Outlook.com ditches linked accounts
Microsoft has announced that it will be halting support to linked accounts for Outlook.com, opting instead to providing aliases to users. Linked accounts will cease to exist on Outlook by late July.
Linked accounts constituted to multiple accounts being fused together, connected with a single Microsoft account. The system was introduced back in 2006 and is now about to be replaced since “a lot of things have changed since we introduced linked accounts back in 2006,” says Microsoft.
“There are a number of people who have more than one email address and want to manage these multiple email addresses from Outlook.com,” Microsoft Group Program Manager, Microsoft account, Eric Doerr wrote in a blog post Monday. “Over the next couple months, we will stop supporting linked accounts and instead help people move to a more robust and secure way of managing multiple email addresses: aliases.”
Create an alias, it’ll make life easier, says Microsoft
Linked accounts let you access multiple email accounts linked with one Microsoft account and therein lies a problem. While people took care to update passwords and security information on their primary accounts from time to time, their linked accounts were often neglected. This made the primary account vulnerable to compromise.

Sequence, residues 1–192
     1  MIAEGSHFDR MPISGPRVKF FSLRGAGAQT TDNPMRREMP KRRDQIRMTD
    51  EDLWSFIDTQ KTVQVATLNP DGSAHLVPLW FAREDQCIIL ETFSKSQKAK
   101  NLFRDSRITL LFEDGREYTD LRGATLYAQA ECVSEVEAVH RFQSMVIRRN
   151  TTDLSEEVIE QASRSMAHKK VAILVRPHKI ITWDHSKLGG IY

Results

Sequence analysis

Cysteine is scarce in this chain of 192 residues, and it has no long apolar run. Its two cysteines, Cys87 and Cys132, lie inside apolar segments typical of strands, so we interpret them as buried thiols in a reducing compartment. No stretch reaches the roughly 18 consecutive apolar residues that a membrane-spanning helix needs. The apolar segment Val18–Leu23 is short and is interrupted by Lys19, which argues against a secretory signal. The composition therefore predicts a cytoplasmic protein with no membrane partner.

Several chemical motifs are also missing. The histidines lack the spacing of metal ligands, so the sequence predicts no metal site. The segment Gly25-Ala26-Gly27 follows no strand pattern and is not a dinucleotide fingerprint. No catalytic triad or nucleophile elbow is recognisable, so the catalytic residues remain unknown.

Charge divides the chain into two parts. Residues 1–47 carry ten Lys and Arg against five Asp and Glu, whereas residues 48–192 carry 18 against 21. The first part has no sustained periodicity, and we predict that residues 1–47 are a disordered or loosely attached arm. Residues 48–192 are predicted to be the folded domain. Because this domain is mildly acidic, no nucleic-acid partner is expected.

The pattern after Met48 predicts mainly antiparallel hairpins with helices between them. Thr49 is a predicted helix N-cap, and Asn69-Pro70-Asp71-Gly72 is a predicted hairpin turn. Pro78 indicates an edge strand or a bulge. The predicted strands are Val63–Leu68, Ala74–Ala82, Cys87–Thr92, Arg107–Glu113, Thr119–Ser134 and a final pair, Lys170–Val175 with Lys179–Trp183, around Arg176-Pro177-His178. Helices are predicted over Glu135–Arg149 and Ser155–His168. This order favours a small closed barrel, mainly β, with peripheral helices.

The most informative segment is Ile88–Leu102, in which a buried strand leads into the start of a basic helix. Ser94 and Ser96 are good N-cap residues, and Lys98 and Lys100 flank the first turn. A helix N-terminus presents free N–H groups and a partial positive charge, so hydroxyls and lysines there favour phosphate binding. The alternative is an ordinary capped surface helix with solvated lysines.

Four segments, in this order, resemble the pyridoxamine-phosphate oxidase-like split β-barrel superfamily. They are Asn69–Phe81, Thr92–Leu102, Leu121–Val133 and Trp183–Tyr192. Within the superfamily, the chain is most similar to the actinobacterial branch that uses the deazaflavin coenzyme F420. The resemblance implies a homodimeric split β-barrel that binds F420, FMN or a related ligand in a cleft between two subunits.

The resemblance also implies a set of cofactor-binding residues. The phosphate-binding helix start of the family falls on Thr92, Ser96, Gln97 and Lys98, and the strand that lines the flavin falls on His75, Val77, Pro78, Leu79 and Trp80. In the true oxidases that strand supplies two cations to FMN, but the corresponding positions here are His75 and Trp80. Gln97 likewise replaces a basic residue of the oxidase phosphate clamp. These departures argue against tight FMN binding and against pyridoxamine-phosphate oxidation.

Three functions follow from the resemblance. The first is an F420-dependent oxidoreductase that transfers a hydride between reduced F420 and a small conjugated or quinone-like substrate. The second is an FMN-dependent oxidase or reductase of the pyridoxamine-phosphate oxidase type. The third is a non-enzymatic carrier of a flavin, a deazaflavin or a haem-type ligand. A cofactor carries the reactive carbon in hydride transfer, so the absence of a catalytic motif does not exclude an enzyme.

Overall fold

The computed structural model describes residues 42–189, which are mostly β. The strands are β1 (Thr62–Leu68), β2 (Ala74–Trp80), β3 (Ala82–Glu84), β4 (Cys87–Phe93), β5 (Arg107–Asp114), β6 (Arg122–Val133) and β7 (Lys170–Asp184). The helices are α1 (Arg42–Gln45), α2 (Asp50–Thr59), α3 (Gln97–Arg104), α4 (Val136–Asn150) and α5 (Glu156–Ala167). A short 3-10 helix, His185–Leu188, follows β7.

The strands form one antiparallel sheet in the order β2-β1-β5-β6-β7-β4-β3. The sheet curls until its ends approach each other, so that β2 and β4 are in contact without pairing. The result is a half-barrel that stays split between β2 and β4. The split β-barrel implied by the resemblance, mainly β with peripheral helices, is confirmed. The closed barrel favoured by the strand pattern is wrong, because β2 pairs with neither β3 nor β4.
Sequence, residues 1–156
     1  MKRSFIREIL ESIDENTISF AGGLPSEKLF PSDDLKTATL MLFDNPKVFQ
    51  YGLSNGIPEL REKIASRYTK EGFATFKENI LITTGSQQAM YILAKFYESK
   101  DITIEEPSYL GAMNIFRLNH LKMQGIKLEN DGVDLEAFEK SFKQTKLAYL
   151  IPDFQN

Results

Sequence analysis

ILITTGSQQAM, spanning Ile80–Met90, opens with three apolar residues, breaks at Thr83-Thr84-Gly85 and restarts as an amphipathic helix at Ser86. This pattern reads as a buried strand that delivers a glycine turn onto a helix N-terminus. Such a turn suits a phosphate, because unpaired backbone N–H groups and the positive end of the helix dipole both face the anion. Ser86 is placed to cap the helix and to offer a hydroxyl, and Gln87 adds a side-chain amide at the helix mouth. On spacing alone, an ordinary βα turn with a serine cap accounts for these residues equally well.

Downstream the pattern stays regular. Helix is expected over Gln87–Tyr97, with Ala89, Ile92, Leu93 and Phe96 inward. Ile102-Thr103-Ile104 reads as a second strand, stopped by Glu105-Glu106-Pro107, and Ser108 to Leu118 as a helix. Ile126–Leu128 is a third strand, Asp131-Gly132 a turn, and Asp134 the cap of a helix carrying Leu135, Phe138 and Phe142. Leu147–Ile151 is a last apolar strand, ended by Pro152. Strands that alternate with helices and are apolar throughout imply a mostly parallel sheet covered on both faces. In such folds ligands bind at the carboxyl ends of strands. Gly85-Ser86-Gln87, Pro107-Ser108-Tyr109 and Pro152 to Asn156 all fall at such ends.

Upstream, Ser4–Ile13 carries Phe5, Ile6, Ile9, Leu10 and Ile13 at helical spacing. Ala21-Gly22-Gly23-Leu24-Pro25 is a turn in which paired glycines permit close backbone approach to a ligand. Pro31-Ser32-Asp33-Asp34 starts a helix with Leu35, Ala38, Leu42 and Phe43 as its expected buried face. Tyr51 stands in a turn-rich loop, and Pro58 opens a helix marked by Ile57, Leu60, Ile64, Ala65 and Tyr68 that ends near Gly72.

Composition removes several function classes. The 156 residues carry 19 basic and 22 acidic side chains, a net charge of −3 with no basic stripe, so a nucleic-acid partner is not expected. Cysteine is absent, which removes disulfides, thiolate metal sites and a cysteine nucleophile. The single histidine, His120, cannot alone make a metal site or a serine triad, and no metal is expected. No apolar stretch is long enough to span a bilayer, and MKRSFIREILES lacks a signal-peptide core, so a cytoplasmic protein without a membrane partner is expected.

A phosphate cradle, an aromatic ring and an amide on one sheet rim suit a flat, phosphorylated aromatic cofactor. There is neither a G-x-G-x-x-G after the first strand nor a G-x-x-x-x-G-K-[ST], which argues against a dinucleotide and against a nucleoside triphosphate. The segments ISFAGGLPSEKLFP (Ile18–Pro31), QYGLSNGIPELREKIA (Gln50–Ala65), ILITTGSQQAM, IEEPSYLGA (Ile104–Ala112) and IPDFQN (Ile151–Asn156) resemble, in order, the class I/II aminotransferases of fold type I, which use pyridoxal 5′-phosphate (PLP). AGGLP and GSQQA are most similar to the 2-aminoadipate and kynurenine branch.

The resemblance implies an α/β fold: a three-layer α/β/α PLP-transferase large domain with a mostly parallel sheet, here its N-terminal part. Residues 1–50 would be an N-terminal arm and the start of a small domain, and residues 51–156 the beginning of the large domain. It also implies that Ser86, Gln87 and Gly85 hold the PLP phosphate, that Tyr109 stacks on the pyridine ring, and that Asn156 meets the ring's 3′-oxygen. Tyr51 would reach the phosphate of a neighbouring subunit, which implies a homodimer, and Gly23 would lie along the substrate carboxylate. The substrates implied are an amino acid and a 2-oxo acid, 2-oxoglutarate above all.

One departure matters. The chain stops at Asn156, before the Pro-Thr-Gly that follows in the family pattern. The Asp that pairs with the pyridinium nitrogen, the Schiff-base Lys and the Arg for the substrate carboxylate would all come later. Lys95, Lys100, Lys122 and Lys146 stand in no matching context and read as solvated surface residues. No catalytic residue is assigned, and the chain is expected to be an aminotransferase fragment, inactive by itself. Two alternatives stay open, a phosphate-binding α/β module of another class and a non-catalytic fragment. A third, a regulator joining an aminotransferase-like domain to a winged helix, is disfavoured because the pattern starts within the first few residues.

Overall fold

This system of linked accounts is being replaced by aliases. This will enable you to still have multiple email accounts, but you’ll be able to switch between two of your accounts through Outlook.com , without bothering with extra passwords.
Having a single Microsoft account is pretty essential these days as it helps you access a ton of services from Outlook.com to Xbox, Office365 and even Windows. This is even more reason for Microsoft to be extra careful about your security.
To help with a smoother transition to aliases, Microsoft is adding a couple of new features to the service. You will now be able to forward all emails from a secondary account to primary. It will also be possible to configure a secondary account as a “send only” address. When you combine this with email forwarding, you will be able to both receive and send email from that email address, all within your primary Microsoft account. Microsoft said that it is also working on letting users “move an alias”. This will essentially allow users to move email addresses and mails from one account to the other.
The company will be sending out emails about steps you can take to keep your linked accounts safe. Make sure the information on your linked accounts are up to date and that you know passwords to all of them. Microsoft has also urged users to set up email forwarding so they can read and write all their mails from one account. Users will still need to log in to their linked accounts once every 365 days to make sure it’s active or they can simply opt to have a new alias.[source:tech2]